Ag prof: Farming helps drive economy
LEWSIBURG–Education plays an important role in the ever-evolving role of agriculture and its economic impact on communities, according to Penn State University agriculture educator Richard T. Roush.
Roush, keynote speaker at the annual Breakfast Meeting on Agriculture on Wednesday, discussed how educational outreach helps farming.
He noted that jobs in agriculture are in demand.
“The opportunities for students in agriculture are fantastic,” he said. “Starting salaries are among the top five of all degrees.”
Roush, dean of Penn State’s College of Agricultural Sciences, said farm-related industries simply can’t fill all their jobs.
“The prosperity of agriculture drives the prosperity of communities,” he said.
From improving farming practices to helping protect streams from agricultural operations, education plays an important role.
But local agriculture and its industries should increasingly think global to reach markets that demand their products.
The breakfast was hosted by state Sen. Gene Yaw, R-Loyalsock Township, who answered questions on agriculture and other issues.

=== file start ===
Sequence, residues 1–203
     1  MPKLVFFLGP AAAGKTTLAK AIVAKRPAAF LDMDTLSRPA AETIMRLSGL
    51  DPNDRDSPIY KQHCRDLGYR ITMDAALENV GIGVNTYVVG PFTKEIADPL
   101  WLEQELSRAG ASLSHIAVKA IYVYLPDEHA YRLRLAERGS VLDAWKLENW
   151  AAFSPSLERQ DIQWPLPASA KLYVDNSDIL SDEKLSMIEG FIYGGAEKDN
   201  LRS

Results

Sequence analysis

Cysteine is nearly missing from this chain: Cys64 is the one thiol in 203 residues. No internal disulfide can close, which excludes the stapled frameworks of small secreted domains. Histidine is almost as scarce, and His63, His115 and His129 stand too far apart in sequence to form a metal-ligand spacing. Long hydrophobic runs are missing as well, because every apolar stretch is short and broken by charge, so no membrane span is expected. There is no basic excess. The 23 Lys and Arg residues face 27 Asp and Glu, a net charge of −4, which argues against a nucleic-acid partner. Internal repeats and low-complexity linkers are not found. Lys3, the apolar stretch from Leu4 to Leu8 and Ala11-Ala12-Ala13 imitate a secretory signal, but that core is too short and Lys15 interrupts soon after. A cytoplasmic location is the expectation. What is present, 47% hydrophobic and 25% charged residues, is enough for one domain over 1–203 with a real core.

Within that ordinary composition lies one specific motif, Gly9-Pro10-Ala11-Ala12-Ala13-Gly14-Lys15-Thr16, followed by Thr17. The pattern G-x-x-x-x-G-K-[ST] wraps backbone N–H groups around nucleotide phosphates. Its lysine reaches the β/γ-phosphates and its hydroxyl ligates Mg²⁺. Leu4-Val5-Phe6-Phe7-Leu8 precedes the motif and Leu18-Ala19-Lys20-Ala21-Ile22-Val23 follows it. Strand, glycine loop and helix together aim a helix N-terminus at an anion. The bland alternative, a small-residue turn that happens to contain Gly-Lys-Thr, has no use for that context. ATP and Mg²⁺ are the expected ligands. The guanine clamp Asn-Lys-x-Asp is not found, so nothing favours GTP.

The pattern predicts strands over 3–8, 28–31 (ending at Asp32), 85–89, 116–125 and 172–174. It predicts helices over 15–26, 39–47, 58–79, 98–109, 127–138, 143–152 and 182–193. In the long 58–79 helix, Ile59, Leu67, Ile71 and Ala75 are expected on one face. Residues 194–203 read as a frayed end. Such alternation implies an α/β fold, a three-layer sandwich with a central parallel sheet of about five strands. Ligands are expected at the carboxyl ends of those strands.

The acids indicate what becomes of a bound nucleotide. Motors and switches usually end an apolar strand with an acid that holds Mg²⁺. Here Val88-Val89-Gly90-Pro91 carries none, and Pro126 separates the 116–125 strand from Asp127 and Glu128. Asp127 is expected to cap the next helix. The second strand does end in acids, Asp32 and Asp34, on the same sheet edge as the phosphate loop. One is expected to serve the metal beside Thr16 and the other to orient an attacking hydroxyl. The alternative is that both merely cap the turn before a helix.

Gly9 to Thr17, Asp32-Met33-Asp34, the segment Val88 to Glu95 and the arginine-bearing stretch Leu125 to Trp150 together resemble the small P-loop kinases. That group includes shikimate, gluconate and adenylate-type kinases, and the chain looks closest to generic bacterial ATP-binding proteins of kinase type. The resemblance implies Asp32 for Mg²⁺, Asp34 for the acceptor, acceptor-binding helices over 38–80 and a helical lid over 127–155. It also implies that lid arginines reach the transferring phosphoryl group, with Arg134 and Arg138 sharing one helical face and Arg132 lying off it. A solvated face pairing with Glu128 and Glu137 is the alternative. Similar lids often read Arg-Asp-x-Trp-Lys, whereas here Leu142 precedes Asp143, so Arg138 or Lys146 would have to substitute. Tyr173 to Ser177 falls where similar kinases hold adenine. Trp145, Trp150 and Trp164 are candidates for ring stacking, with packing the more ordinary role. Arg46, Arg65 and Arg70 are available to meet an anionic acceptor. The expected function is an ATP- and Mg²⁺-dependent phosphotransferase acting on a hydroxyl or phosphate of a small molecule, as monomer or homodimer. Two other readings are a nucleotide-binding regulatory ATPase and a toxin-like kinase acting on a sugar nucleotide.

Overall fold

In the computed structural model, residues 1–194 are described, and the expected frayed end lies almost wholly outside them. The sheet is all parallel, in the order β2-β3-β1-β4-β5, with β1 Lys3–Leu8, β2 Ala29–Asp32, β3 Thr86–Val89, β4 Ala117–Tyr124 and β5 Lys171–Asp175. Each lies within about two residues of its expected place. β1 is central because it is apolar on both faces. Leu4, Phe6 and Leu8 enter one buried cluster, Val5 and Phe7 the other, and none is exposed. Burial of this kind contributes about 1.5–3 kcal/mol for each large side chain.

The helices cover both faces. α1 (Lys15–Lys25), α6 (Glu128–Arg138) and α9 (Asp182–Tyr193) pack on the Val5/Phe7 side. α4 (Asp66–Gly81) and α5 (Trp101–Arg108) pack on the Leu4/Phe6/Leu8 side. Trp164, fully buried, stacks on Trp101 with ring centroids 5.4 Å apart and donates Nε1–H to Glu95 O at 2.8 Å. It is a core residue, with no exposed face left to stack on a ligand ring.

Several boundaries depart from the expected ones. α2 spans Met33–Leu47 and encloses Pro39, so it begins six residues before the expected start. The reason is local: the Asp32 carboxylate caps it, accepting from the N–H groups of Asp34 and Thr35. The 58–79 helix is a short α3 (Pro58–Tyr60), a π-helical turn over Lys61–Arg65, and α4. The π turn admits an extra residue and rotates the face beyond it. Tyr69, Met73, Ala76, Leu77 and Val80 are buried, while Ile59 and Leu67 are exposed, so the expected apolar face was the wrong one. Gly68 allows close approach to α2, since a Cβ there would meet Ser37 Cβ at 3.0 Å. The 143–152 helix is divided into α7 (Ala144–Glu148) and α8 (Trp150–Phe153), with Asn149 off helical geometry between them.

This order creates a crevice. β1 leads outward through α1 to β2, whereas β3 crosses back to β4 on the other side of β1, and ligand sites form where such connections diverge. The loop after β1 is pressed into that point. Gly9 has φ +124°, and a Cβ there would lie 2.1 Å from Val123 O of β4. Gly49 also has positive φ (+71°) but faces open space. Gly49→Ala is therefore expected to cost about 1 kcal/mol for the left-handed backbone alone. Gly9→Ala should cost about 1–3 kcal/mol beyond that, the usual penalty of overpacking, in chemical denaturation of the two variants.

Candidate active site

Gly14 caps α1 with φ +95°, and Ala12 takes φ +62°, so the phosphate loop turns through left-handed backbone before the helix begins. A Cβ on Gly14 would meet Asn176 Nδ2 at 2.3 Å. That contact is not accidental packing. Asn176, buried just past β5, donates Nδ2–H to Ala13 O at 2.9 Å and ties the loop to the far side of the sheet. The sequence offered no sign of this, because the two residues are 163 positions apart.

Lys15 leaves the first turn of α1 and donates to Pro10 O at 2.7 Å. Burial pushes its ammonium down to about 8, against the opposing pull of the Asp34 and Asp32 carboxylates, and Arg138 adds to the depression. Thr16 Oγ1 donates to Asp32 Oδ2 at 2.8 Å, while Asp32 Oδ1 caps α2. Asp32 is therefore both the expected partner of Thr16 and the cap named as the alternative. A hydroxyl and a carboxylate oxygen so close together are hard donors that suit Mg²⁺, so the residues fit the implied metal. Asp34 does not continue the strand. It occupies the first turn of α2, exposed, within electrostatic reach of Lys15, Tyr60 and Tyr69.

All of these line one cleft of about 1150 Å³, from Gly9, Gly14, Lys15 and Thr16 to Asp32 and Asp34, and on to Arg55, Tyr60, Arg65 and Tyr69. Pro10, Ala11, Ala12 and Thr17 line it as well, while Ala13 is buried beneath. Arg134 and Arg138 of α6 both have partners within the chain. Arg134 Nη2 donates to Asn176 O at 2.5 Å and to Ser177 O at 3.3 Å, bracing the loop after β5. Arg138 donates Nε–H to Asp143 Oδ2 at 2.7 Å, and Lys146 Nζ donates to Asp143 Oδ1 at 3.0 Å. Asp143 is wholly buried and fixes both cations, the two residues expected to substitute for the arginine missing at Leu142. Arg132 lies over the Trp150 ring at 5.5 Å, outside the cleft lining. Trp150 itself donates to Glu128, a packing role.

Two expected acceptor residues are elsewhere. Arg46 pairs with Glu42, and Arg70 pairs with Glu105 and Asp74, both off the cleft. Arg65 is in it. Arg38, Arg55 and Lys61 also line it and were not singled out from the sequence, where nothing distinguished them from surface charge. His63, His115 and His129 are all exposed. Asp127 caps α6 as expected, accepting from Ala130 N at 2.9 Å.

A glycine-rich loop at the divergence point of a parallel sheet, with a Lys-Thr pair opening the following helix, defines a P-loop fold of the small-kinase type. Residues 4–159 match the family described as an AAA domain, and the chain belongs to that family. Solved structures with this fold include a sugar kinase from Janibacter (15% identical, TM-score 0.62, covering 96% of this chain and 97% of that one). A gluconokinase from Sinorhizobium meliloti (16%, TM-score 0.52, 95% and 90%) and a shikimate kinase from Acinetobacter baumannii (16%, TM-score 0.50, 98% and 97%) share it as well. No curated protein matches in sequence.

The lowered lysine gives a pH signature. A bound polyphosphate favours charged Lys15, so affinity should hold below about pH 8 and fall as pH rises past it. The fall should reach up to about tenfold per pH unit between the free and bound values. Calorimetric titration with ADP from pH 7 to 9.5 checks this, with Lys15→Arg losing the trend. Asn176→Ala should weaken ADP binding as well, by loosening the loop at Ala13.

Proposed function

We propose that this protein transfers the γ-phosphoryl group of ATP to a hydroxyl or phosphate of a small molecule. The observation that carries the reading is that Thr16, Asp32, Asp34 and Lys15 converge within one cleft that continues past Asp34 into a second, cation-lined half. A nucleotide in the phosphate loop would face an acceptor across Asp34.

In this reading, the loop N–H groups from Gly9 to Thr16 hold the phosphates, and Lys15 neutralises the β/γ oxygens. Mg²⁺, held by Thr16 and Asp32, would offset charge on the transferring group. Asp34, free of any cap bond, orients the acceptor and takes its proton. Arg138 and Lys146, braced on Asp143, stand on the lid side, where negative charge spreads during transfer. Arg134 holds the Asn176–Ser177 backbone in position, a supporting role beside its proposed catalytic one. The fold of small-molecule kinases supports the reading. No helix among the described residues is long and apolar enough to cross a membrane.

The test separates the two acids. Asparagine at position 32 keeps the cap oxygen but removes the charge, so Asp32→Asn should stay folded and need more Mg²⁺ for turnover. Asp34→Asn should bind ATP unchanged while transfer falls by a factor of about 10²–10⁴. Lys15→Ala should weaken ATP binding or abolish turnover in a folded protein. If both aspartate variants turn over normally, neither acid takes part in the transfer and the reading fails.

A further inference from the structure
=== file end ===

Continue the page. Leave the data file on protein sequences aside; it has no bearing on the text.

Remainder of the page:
One farmer told Yaw that costly regulations can make it difficult for small agricultural operations to operate.
As an example, he said he needed a costly permit just to sell eggs.
Yaw, a member of the Senate Agriculture and Rural Affairs Committee, said it’s an issue he’ll look into.
“I didn’t know you needed a permit to sell eggs,” he said.
Yaw also fielded questions on taxes and bridge repairs.
He said various proposals are on the table to reduce or eliminate property taxes.
“I’m not sure where it’s going to go,” he said.
Since becoming a lawmaker, he said he’s learned that fixing one problem often creates another one.
Yaw said there certainly exists waste in government.
And, while taxes are unpopular, they pay for services.
“If you want something, along the line you have to pay for it,” he said.
Yaw said Pennsylvania and Florida are the two states that don’t tax retirement benefits.
The state’s structurally deficient bridges are being addressed, thanks to Act 89, a transportation funding package passed by the state in 2013, he said.